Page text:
Eleanor, Chicago

Harry Callahan (American, 1912–1999)


Image: 11.6 x 8.3 cm (4 9/16 x 3 1/4 in.); Sheet: 20.3 x 12.2 cm (8 x 4 13/16 in.)

Accession Number


Medium or Technique

Photograph, gelatin silver print

Not On View


Americas, Photography



[arms frame face]

In 1946, Harry Callahan was hired to teach at Chicago’s Institute of Design (the so-called New Bauhaus) by László Moholy-Nagy, who was then the school’s director. Self-taught as a photographer, Callahan found the camera the ideal tool for artistic experimentation and regularly used it to record aspects of his private life. His wife Eleanor was his favorite subject for more than fifteen years. He sometimes photographed her from a great distance and other times at extremely close range, as in this starkly unsentimental study in white. Eleanor’s arms raised above her head hide her dark hair and form a pale frame around her face, giving her a slightly startled and strangely androgynous appearance.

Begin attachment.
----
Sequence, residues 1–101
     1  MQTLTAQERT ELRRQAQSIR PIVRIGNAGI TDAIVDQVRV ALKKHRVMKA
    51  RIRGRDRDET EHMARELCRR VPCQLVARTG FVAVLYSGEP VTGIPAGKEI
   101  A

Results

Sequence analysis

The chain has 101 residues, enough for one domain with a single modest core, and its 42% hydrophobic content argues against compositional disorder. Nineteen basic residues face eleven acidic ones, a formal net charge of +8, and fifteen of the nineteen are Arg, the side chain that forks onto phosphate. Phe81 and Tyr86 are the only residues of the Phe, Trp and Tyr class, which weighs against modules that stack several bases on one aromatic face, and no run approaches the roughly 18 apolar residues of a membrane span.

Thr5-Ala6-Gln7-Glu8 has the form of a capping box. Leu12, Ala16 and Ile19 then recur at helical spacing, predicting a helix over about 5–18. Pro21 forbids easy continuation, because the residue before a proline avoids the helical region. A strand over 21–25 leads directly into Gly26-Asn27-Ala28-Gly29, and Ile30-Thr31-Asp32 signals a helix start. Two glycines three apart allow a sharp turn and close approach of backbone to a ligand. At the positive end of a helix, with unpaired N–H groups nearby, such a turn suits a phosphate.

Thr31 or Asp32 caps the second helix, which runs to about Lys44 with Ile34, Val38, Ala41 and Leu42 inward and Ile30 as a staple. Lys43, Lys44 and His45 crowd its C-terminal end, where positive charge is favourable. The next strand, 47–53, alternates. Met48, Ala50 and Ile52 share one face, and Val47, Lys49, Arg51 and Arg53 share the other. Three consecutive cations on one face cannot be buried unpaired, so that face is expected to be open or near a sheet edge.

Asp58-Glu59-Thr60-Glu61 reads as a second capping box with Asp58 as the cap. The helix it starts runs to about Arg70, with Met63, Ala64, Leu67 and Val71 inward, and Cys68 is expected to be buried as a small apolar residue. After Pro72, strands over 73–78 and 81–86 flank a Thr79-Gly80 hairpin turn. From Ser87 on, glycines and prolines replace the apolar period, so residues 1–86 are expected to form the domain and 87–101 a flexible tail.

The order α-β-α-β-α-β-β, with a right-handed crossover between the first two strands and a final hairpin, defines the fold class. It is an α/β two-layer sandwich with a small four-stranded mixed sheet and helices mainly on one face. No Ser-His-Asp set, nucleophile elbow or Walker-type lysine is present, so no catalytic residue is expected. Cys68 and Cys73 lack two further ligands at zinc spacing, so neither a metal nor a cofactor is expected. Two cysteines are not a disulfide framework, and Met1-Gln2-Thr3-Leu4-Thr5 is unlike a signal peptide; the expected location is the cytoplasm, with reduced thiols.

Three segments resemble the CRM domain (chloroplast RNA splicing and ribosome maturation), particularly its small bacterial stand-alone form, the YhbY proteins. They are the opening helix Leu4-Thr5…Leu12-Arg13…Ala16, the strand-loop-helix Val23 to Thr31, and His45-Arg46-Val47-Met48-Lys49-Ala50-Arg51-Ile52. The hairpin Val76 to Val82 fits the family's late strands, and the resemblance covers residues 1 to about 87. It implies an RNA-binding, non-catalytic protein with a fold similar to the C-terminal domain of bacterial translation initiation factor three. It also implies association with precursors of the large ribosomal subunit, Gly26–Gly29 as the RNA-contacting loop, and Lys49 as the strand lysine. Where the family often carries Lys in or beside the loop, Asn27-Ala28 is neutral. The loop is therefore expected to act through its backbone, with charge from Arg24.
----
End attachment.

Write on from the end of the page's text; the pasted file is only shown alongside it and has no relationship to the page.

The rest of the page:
Inscribed, in pencil, lower right: Harry Callahan


The artist and Aaron Siskind; Barbara and Eugene Polk, Arizona; by whom given to the MFA December 19, 2003

Credit Line

Gift of Barbara and Gene Polk


© The Estate of Harry Callahan, courtesy Pace/MacGill Gallery, NY